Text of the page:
Grabbin’ Stone Crabs

Capt. Chad Carney

Early in 1978 I got my first chance to hunt stone crabs, scuba diving under the Skyway Bridge across Tampa Bay. Cold dark water at sunrise, my buddy and I couldn’t see past 4-feet, but it was just enough to descend on rows of concrete pilings meeting the sand and rocks in strong current. Stone crabs thrived there! Of course we lost each other, but came ashore carrying mesh bags stuffed with enough tasty claws for a big dinner for all that night. Ever since, my favorite seafood is stone crab claws!

Novice crabbers have trouble approaching stone crabs that resemble Dwayne ‘The Rock’ Johnson vs other crab’s Justin Bieber-like appearance. People think I’m nuts when I tell them, “Just set fear aside and pounce on them with your whole hand. Hunt like an octopus!” Cover them up, pinning both claws at once, then drag them out and get a hold of each claw. If they start to pinch, try slipping your finger back, leaving them nothing but glove. Their pinch hurts but it’s not going to take off a finger. They tire quickly and can’t keep the pressure on, so pull away quickly. If you fiddle around with them you won’t be eating much for dinner! By pinning one claw to the crab you can measure the larger one (against a notch cut in a crowbar), then apply steady pressure out and down, and it will break cleanly, or the crab will “drop” the claw. Stop if it starts to tear, this will kill the crab. Bag the claw and put the crab immediately back in its hole where it can defend itself. Stone crabs are a unique and sustainable fishery because they regenerate a new claw after losing one. It’s legal to take both claws of size, but they recover faster if they have one claw to collect more food.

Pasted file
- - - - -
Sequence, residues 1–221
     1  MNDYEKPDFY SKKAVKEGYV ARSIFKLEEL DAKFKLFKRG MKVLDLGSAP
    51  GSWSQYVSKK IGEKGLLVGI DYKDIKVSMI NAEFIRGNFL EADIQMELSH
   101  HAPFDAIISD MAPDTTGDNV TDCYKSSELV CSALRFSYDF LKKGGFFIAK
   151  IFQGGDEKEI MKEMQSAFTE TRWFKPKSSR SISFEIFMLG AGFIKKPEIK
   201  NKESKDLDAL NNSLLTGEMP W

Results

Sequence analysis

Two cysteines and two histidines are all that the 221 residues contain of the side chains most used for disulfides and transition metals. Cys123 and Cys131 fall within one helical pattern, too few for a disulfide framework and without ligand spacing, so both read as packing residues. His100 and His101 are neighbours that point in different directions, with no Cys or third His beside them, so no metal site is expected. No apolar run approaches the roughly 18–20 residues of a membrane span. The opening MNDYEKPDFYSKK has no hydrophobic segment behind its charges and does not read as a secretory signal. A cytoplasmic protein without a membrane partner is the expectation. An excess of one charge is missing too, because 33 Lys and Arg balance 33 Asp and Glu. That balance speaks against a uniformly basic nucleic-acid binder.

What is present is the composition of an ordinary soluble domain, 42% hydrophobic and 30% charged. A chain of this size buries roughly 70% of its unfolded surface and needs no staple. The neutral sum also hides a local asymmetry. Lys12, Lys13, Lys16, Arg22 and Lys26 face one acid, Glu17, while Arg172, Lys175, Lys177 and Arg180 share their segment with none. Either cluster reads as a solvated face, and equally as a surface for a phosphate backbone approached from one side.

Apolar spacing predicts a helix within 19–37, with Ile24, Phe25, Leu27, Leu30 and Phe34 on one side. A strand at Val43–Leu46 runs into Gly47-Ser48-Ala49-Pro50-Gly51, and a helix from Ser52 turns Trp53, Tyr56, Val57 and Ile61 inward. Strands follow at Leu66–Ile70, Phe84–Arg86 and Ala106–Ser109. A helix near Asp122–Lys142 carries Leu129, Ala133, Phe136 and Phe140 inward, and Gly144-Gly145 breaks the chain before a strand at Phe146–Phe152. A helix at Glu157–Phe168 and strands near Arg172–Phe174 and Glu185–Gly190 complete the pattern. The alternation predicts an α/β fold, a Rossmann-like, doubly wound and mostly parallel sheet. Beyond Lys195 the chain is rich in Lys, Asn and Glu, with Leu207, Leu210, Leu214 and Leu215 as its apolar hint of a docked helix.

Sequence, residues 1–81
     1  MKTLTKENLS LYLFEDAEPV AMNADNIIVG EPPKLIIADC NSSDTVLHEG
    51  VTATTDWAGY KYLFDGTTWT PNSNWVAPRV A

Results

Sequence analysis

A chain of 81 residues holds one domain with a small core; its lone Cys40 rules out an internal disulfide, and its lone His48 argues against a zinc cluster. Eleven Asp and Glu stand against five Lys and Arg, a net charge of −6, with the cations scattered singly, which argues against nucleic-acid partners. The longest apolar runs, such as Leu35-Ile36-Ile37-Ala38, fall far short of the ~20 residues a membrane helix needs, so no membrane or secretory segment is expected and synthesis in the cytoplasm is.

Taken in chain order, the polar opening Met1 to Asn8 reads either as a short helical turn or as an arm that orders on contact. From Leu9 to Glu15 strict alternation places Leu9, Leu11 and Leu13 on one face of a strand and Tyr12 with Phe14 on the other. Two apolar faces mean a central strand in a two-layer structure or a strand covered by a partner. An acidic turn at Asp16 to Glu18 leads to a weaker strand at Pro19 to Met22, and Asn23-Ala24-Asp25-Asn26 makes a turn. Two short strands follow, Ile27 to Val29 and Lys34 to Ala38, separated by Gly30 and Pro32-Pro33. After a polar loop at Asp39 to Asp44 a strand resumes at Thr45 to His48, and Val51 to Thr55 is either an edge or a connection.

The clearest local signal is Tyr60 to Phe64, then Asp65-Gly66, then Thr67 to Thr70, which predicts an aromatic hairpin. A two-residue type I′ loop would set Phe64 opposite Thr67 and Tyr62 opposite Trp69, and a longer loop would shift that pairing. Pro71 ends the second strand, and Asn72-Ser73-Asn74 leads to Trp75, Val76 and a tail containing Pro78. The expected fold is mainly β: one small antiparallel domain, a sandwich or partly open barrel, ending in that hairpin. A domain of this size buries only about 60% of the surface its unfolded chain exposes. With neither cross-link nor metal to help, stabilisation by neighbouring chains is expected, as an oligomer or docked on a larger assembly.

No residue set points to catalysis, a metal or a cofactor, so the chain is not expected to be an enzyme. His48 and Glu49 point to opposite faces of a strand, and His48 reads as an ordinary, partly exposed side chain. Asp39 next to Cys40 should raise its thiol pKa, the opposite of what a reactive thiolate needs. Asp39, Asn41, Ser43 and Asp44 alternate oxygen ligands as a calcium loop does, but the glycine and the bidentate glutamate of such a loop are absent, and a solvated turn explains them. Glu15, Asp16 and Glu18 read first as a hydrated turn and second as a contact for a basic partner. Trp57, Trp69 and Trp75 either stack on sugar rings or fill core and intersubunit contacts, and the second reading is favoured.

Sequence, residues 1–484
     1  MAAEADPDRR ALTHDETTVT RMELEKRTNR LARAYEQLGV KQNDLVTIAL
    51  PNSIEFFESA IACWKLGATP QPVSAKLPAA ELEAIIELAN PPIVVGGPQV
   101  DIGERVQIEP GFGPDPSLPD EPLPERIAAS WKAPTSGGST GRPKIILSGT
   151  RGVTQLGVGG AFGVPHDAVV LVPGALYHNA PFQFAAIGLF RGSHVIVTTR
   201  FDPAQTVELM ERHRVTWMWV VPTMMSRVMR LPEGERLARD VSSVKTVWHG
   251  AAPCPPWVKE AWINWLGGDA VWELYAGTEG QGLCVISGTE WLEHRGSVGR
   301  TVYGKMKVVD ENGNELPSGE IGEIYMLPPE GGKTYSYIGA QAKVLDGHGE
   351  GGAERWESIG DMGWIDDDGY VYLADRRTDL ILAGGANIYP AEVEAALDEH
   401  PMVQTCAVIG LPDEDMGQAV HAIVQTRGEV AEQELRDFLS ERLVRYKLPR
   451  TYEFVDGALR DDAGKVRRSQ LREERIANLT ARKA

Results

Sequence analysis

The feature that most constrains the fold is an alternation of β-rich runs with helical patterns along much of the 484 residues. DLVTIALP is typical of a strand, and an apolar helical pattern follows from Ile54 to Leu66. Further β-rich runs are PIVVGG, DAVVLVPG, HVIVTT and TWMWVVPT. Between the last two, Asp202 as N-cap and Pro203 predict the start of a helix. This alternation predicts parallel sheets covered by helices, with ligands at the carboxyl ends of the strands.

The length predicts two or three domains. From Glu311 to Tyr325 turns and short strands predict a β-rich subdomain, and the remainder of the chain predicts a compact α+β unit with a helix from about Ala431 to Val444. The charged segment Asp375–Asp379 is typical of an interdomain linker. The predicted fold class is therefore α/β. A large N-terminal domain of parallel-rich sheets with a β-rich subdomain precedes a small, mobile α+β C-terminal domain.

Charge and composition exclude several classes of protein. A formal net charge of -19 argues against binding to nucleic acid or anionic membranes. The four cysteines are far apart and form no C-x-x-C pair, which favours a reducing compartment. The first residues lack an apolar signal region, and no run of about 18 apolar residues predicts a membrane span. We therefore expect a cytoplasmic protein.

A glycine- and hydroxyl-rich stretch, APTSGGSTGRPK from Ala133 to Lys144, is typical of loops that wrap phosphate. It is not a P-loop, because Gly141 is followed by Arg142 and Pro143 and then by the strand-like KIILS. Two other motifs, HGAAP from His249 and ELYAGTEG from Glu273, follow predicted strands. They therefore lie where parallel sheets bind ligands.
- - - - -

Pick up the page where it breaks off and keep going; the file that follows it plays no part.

Tools you’ll need: The above mentioned small crow bar is mostly used to block their retreat into holes, move rocks and pull yourself along the bottom. Cut a notch at 2 7/8-inches from the bars end, it’s the new claw size regulation. A thin bright dive light, tough Dyneema or Kevlar gloves, a sharp stiletto knife, a small wide mouth mesh bag, that will hold your one gallon limit, and don’t forget your dive flag float.

Keep your claws in a bucket half full of seawater, not on ice. Always boil all of them for about 5 minutes before refrigerating or freezing any. Otherwise they will stick to the shell. Rinse them with freshwater, melt some butter and serve hot, or make a Dijon sauce and serve cold. Mmmm! By the way large channel-lock pliers will crack them better than nut crackers or hammers. There are professional table claw crackers.

Stone crabs have had a tough time the last few years, so for 2020 legal stone crab claws will have to be 2 7/8th-inches across the bottom fixed part, that’s up an 1/8th-inch for the season starting October 15, 2020. The season will also close May 2nd instead of May 15th. See myfwc.com for regulations, photos & videos of how to measure and remove a claw. Crab trap pullers have more changes, also on the website.

Captain Chad Carney – Scuba Diving, Freediving & Spearfishing Instructor 

Contact info:  Florida Skin Diver 727-423-7775

www.floridaskindiver.com

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